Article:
There are 14 noun cases in Estonian and 15 in Finnish, which are denoted by adding a suffix.

List of Finnic innovations

These features distinguish Finnic languages from other Uralic families:

Sound changes[8][9]

  • Development of long vowels and various diphthongs from loss of word-medial consonants such as *x, *j, *w, *ŋ
    • Before a consonant, the Uralic "laryngeal" *x posited on some reconstructions yielded long vowels at an early stage (e.g. *tuxli "wind" → tuuli), but only the Finnic branch clearly preserves these as such. Later, the same process occurred also between vowels (e.g. *mëxi "land" → maa).
    • Semivowels *j, *w were usually lost when a root ended in *i and contained a preceding front (in the case of *j, e.g. *täji "tick" → täi) or rounded vowel (in the case of *w, e.g. *suwi "mouth" → suu).
    • The velar nasal *ŋ was vocalized everywhere except before *k, leading to its elimination as a phoneme. Depending on the position, the results included semivowels (e.g. *joŋsi "bow" → jousi, *suŋi "summer" → suvi) and full vocalization (e.g. *jäŋi "ice" → jää, *müŋä "backside" → Estonian möö-, Finnish myö-).
  • The development of an alternation between word-final *i and word-internal *e, from a Proto-Uralic second syllable vowel variously reconstructed as *i (as used in this article), *e or *ə.
  • Elimination of all Proto-Uralic palatalization contrasts: *ć, *δ́, *ń, *ś → *c, *δ, *n, *s.
  • Elimination of the affricate *č, merging with *š or *t, and the spirant *δ, merging with *t (e.g. *muδ́a "earth" → muta). See below, however, on treatment of *čk.
  • Assibilation of *t (from any source) to *c [t͡s] before *i. This later developed to /s/ widely: hence e.g. *weti "water" → Estonian and Finnish vesi (cf. retained /t/ in the partitive *wet-tä → Estonian vett, Finnish vettä).
  • Consonant gradation, most often for stops, but also found for some other consonants.
  • A development *š → h, which, however, postdated the separation of South Estonian.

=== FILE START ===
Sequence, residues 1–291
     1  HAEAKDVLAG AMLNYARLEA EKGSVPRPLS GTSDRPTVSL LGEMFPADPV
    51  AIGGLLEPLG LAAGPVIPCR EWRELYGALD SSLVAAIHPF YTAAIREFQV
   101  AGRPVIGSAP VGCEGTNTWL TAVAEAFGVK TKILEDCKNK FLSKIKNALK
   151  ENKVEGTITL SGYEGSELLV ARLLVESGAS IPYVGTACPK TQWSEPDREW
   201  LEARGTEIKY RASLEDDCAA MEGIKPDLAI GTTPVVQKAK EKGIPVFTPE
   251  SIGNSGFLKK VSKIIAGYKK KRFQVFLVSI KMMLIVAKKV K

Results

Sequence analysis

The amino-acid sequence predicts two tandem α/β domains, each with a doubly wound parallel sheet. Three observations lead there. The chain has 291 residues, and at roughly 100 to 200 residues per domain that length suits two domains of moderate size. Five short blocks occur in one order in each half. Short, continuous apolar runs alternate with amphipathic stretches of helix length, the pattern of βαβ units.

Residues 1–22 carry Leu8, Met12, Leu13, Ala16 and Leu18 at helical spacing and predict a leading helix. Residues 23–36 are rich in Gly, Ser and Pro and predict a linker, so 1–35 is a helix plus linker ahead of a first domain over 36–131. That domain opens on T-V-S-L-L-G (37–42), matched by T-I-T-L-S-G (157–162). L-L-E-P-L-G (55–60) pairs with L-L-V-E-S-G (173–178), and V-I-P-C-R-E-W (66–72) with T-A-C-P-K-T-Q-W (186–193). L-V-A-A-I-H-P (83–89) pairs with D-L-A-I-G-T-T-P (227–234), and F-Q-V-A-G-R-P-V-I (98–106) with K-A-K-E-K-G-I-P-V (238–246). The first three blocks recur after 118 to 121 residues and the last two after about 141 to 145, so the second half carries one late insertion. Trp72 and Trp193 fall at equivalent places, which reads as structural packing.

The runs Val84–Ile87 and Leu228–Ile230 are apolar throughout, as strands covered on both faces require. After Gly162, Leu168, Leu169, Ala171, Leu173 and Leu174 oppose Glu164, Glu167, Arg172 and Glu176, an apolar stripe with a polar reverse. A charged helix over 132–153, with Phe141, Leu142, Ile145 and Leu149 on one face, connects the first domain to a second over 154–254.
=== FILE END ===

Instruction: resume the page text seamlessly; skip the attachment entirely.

Superstrate influence of the neighboring Indo-European language groups (Baltic and Germanic) has been proposed as an explanation for a majority of these changes, though for most of the phonetical details the case is not particularly strong.[10]

Grammatical changes

  • Agreement of the attributes with the noun, e.g. in Finnish vanho·i·lle mieh·i·lle "to old men" the plural -i- and the case -lle is added also to the adjective.
  • Use of a copula verb like on, e.g. mies on vanha "the man is old".
  • Grammatical tenses analogous to Germanic tenses, i.e. the system with present, past, perfect and pluperfect tenses.
  • The shift of the proto-Uralic locative *-nA and the ablative *-tA into new, cross-linguistically uncommon functions: the former becoming the essive case, the latter the partitive case.
  • The rise of two new series of locative cases, the "inner locative" series marked by an element *-s-, and the "outer locative" marked by an element *-l-.
    • The inessive *-ssA and the adessive *-llA were based on the original Uralic locative *-nA, with the *n assimilated to the preceding consonant.
    • The elative *-stA and the ablative *-stA similarly continue the original Uralic ablative *-tA.
    • The origin of the illative *-sen and the allative *-len is less clear. These have also
    • The element *-s- in the first series has parallels across the other more western Uralic languages, sometimes resulting in formally identical case endings (e.g. an elative ending *-stē ← *-s-tA is found in the Samic languages, and *-stə ← *s-tA in the Mordvinic languages), though its original function is unclear.
    • The *-l- in the 2nd series likely originates by way of affixation and grammaticalization of the root *ülä- "above, upper" (cf. the prepositions *üllä ← *ül-nä "above", *ültä "from above").


The Finnic languages form a complex dialect continuum with few clear-cut boundaries. A division into two areal groups of four languages is usually used: